Inferring Welfare Maximizing Treatment Assignment Under Budget Constraints
71 Pages Posted: 11 Apr 2011
Date Written: April 10, 2011
This paper concerns the problem of allocating a binary treatment among a target population based on observed covariates. The goal is to (i) maximize the mean social welfare arising from an eventual outcome distribution, when a budget constraint limits what fraction of the population can be treated and (ii) to infer the dual value, i.e. the minimum resources needed to attain a specific level of mean welfare via efficient treatment assignment. We consider a treatment allocation procedure based on sample data from randomized treatment assignment and derive asymptotic frequentist confidence interval for the welfare generated from it. The welfare estimate is semiparametrically efficient and its asymptotic distribution informs the choice of conditioning covariates when covariates are financially expensive to measure. The methodology is applied to the efficient provision of anti-malaria bed net subsidies, using data from a randomized experiment conducted in Western Kenya. We find that an allocation rule based on wealth and two discrete covariates can lead to a gain in efficiency of 13 percentage points, compared to an allocation based on the two discrete covariates only. However, if the cost of collecting wealth data is greater than $0.52 per household, means-testing the subsidization of bednets may not be optimal.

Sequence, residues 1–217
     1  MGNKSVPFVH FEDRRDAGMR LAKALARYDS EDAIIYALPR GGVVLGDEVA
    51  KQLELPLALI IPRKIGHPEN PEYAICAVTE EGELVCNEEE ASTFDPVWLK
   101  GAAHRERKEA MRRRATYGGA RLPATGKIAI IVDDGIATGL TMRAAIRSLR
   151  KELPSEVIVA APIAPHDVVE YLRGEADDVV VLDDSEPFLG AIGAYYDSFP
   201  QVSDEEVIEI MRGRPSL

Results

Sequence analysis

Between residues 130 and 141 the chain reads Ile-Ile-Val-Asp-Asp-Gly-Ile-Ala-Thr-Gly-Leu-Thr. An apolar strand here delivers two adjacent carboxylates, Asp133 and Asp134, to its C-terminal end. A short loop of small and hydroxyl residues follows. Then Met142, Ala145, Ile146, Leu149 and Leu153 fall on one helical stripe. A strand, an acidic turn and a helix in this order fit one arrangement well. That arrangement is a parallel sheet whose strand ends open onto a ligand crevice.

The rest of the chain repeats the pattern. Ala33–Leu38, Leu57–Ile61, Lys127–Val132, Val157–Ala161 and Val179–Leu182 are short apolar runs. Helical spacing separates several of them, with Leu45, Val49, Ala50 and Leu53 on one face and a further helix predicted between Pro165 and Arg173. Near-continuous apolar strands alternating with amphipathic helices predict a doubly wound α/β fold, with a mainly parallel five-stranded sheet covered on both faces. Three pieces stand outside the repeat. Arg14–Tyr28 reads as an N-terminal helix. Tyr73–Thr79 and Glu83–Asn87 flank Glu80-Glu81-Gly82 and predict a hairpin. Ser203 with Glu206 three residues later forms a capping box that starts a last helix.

Suggested Citation: Suggested Citation